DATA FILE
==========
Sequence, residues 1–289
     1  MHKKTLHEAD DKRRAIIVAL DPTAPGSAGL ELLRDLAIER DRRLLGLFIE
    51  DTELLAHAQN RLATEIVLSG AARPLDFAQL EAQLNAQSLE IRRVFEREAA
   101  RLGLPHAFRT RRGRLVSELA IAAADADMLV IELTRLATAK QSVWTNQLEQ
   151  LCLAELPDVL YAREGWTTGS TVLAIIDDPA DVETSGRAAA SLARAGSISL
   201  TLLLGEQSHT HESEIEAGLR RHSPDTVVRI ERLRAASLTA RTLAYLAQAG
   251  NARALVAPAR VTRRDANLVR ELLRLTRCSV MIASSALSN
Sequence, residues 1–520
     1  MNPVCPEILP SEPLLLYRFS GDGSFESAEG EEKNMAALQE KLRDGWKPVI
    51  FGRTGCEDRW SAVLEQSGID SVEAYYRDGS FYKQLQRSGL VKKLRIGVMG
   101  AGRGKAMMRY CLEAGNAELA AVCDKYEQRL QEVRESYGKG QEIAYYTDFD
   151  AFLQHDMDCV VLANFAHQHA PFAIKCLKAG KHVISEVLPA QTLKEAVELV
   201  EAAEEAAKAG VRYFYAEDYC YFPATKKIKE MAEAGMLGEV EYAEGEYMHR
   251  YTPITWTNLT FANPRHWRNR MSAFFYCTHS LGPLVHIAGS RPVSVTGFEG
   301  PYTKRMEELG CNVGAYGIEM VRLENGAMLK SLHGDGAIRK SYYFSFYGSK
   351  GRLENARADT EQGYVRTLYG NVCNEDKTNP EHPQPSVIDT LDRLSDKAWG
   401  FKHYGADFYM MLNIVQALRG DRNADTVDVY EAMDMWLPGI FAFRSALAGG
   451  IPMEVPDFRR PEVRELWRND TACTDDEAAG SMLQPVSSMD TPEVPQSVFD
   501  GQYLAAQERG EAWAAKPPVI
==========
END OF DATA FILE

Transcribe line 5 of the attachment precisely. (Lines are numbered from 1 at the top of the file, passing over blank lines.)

   151  LCLAELPDVL YAREGWTTGS TVLAIIDDPA DVETSGRAAA SLARAGSISL